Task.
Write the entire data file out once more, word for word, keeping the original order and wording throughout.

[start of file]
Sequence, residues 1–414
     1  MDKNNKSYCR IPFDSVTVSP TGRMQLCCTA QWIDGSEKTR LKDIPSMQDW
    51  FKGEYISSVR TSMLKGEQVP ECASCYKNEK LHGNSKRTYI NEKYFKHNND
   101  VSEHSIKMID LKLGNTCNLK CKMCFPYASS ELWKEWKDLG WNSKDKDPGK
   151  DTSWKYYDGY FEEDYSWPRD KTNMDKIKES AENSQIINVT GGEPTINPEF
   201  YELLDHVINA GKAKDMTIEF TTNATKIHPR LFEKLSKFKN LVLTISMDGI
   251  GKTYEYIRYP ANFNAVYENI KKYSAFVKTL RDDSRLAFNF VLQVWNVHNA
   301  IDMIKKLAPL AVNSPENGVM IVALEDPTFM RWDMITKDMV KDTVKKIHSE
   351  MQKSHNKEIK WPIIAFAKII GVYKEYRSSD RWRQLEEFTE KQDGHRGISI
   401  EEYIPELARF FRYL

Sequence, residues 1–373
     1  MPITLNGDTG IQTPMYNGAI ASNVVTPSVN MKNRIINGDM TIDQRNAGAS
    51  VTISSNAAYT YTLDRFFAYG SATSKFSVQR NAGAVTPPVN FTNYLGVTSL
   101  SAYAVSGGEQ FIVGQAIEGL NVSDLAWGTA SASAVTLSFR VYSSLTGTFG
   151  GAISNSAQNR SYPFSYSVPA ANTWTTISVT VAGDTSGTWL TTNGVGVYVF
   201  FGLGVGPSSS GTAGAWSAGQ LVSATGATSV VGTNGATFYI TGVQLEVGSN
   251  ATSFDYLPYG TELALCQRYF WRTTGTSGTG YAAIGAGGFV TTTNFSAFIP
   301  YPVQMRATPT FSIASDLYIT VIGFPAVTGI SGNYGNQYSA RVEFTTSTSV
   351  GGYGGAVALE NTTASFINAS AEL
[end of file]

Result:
Sequence, residues 1–414
     1  MDKNNKSYCR IPFDSVTVSP TGRMQLCCTA QWIDGSEKTR LKDIPSMQDW
    51  FKGEYISSVR TSMLKGEQVP ECASCYKNEK LHGNSKRTYI NEKYFKHNND
   101  VSEHSIKMID LKLGNTCNLK CKMCFPYASS ELWKEWKDLG WNSKDKDPGK
   151  DTSWKYYDGY FEEDYSWPRD KTNMDKIKES AENSQIINVT GGEPTINPEF
   201  YELLDHVINA GKAKDMTIEF TTNATKIHPR LFEKLSKFKN LVLTISMDGI
   251  GKTYEYIRYP ANFNAVYENI KKYSAFVKTL RDDSRLAFNF VLQVWNVHNA
   301  IDMIKKLAPL AVNSPENGVM IVALEDPTFM RWDMITKDMV KDTVKKIHSE
   351  MQKSHNKEIK WPIIAFAKII GVYKEYRSSD RWRQLEEFTE KQDGHRGISI
   401  EEYIPELARF FRYL

Sequence, residues 1–373
     1  MPITLNGDTG IQTPMYNGAI ASNVVTPSVN MKNRIINGDM TIDQRNAGAS
    51  VTISSNAAYT YTLDRFFAYG SATSKFSVQR NAGAVTPPVN FTNYLGVTSL
   101  SAYAVSGGEQ FIVGQAIEGL NVSDLAWGTA SASAVTLSFR VYSSLTGTFG
   151  GAISNSAQNR SYPFSYSVPA ANTWTTISVT VAGDTSGTWL TTNGVGVYVF
   201  FGLGVGPSSS GTAGAWSAGQ LVSATGATSV VGTNGATFYI TGVQLEVGSN
   251  ATSFDYLPYG TELALCQRYF WRTTGTSGTG YAAIGAGGFV TTTNFSAFIP
   301  YPVQMRATPT FSIASDLYIT VIGFPAVTGI SGNYGNQYSA RVEFTTSTSV
   351  GGYGGAVALE NTTASFINAS AEL